In this framework, a leak about a couple of pictures removed by Khanfar at the request of American officials would have generated all this chaos and obliged him to step down at the peak of his leadership.
Same as in Mohamed Jassim`s case, the collusion with a foreign power -whether Iraqi or American- would have pushed Al Jazeera`s board -notably the Qatari EmirHamad bin Khalifa al Thani who established the network in 1996 and owns it since then- to sack high level employees like Khanfar.
Same as in 2003, there should be nothing so surprising about the fact that a channel like Al Jazeera has established a sort of “moukhabarati” relations in order to secure their news coverage . In a country like Iraq, and before the fall of Saddam Hussein, it was perfectly normal and therefore known and widely accepted that any news organization who wanted to work in the country should have established links and relations with the regime in a way or another. No relations, no news coverage. No news coverage, no work for the channel.
At the time, I was deeply in doubt about the main reasons behind the sacking. I am still in doubt, indeed, right now when I hear things like that Wikileaks has toppled Al Jazeera. This sounds like admitting that we didnt know that Al Jazeera had links with the American government, which would be pretty naif. The US -led attack on Saddam Hussein`s Iraq in 2003 was started from the largest Middle East based US military base, which is in fact in Qatar.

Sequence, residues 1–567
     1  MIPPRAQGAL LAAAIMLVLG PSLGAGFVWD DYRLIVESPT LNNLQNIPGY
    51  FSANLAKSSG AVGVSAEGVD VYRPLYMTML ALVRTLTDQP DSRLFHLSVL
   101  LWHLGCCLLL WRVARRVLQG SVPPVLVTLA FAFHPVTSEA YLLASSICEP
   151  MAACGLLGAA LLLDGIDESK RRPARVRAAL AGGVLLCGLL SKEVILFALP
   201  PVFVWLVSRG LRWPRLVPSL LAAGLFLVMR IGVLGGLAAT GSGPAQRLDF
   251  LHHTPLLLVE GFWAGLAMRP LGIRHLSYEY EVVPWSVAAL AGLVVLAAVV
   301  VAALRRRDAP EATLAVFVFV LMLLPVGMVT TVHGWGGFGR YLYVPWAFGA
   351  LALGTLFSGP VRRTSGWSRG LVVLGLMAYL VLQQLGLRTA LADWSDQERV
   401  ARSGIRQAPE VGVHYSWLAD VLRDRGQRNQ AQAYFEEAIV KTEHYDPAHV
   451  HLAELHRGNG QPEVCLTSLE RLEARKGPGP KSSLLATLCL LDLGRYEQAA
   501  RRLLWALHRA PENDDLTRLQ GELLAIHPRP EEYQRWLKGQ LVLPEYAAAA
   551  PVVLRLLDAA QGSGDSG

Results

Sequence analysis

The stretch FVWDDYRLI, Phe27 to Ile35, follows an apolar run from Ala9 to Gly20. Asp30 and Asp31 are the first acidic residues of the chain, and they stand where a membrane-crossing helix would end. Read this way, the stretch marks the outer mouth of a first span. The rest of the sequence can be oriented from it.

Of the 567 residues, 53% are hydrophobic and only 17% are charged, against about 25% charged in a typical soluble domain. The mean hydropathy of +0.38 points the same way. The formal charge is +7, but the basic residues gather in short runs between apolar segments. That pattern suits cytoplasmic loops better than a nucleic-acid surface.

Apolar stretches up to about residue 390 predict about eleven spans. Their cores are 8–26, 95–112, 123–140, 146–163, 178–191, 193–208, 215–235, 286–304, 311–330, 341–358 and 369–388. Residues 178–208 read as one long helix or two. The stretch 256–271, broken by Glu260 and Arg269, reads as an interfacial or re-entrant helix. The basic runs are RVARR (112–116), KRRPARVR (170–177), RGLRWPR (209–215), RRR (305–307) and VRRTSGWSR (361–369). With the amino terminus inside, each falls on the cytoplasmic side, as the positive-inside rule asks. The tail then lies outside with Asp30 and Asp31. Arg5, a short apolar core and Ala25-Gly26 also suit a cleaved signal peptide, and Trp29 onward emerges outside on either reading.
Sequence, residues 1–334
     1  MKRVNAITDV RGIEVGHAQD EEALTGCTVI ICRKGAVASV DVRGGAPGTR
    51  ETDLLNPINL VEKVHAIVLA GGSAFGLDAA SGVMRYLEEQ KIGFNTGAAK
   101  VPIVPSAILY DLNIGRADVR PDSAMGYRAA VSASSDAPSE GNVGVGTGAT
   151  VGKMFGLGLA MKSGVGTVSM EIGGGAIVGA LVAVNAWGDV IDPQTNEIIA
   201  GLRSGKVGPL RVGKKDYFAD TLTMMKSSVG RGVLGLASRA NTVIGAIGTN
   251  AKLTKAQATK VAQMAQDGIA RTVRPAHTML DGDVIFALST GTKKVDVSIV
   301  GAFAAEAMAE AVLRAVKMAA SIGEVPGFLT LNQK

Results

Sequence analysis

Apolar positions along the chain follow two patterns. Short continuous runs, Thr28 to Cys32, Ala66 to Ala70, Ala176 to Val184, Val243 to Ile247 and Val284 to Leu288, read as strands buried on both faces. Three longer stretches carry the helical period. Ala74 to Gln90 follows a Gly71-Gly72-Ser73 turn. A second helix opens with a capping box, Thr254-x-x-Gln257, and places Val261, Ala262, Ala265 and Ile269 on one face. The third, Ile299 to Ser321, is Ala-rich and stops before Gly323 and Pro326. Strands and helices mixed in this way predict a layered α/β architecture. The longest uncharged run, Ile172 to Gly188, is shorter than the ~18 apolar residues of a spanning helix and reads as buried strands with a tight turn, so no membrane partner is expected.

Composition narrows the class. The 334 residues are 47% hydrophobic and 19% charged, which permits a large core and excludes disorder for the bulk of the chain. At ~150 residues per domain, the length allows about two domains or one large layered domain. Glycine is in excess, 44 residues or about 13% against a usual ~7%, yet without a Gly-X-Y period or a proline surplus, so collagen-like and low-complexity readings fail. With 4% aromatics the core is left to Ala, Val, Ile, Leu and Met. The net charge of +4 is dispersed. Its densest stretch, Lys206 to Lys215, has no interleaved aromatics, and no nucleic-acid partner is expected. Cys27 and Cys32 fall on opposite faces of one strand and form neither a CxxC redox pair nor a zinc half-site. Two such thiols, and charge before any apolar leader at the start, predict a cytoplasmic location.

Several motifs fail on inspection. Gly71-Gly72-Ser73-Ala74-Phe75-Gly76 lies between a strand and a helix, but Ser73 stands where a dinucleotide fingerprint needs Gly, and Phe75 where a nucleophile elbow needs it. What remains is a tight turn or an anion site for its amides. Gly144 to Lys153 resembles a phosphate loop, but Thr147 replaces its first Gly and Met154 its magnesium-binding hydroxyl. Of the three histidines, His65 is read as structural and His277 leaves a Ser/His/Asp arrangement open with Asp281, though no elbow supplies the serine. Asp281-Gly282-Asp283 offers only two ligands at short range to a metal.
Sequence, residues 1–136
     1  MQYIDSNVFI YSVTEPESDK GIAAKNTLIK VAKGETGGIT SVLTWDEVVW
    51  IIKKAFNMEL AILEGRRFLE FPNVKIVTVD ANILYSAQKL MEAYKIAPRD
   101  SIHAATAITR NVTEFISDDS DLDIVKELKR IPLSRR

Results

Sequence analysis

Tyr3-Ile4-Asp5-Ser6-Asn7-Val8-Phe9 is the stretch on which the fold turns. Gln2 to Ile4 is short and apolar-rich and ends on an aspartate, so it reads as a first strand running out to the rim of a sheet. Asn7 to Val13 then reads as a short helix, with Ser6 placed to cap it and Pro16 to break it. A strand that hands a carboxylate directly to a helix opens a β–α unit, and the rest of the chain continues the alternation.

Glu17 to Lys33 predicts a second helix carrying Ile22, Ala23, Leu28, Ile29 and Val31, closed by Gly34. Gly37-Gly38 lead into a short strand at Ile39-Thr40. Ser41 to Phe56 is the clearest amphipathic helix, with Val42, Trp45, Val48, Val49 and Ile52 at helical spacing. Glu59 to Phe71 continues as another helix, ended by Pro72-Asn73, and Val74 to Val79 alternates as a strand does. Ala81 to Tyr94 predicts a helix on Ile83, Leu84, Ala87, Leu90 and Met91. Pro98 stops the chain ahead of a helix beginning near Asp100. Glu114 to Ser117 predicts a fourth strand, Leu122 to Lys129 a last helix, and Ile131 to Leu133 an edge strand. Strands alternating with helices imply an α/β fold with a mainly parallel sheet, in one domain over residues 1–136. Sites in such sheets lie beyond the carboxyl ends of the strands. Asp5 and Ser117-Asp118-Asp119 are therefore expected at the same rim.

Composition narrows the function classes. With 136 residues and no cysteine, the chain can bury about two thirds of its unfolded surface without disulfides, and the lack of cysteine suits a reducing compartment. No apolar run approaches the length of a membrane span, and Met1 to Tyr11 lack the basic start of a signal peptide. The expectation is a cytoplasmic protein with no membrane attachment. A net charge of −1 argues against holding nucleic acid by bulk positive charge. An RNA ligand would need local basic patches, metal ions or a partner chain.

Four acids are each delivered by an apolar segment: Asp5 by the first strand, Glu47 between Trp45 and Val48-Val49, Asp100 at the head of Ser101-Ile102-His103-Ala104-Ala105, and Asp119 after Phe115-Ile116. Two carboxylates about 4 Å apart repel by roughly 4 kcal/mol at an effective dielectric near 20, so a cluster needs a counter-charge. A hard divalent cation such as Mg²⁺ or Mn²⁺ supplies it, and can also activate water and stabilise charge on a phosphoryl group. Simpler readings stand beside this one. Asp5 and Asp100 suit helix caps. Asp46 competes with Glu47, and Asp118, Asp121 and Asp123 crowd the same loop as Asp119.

In my book about Al Jazeera which was published in 2005 there is a whole chapter called: ” US or Saudi Arabia, who is the biggest enemy of them all?”. At the time, Saudi Arabia certainly was, not sure if now. But the US has never been an “enemy” to Al Jazeera, despite what the average alleged anti-Americanism of the channel would let most of the people think.
I hardly believe that having a couple of pictures removed from the website would be enough to make clear that the US government has a say on Al Jazeera. I am sure US officials could have done something better to prove their power on the Qatari based network, and eventually required something bigger.
The all issue about Wikileaks and its cables is something that in Italian we refer to as “il segreto di Pulcinella”, a secret that everybody knows about, while pretending not to know.
Even the allegations made about Sheikh Ahmed bin Jassim bin al-Thani (a member of the ruling royal family), i.e. Qataris might want to re-gain control over it after so many years, could be totally wrong. When Jassim al Ali was sacked, a former Palestinian news anchor, Adnan al Shareef, acted as general manager until they found the right replacement, which then happened to be Khanfar .Sheikh Ahmed bin Jassim bin al-Thani could be just an interim director, while the right replacement is to be find.